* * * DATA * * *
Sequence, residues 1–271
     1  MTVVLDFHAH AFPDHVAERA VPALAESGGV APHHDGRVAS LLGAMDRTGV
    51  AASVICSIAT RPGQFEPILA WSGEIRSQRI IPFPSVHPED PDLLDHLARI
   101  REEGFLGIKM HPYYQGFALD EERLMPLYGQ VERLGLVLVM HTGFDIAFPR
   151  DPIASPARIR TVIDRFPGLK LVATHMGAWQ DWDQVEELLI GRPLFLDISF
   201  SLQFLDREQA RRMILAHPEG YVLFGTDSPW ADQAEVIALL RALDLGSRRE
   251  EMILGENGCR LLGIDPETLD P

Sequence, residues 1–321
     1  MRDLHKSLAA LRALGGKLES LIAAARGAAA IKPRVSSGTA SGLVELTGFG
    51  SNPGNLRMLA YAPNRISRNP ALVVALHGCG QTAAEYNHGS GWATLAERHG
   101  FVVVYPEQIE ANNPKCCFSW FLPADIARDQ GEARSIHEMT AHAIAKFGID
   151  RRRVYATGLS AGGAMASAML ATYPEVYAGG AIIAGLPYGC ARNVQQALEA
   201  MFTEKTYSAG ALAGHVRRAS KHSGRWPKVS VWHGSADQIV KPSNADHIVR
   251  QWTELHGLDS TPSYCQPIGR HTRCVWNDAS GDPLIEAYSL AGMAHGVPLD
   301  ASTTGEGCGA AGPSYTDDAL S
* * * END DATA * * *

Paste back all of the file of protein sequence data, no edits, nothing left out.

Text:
Sequence, residues 1–271
     1  MTVVLDFHAH AFPDHVAERA VPALAESGGV APHHDGRVAS LLGAMDRTGV
    51  AASVICSIAT RPGQFEPILA WSGEIRSQRI IPFPSVHPED PDLLDHLARI
   101  REEGFLGIKM HPYYQGFALD EERLMPLYGQ VERLGLVLVM HTGFDIAFPR
   151  DPIASPARIR TVIDRFPGLK LVATHMGAWQ DWDQVEELLI GRPLFLDISF
   201  SLQFLDREQA RRMILAHPEG YVLFGTDSPW ADQAEVIALL RALDLGSRRE
   251  EMILGENGCR LLGIDPETLD P

Sequence, residues 1–321
     1  MRDLHKSLAA LRALGGKLES LIAAARGAAA IKPRVSSGTA SGLVELTGFG
    51  SNPGNLRMLA YAPNRISRNP ALVVALHGCG QTAAEYNHGS GWATLAERHG
   101  FVVVYPEQIE ANNPKCCFSW FLPADIARDQ GEARSIHEMT AHAIAKFGID
   151  RRRVYATGLS AGGAMASAML ATYPEVYAGG AIIAGLPYGC ARNVQQALEA
   201  MFTEKTYSAG ALAGHVRRAS KHSGRWPKVS VWHGSADQIV KPSNADHIVR
   251  QWTELHGLDS TPSYCQPIGR HTRCVWNDAS GDPLIEAYSL AGMAHGVPLD
   301  ASTTGEGCGA AGPSYTDDAL S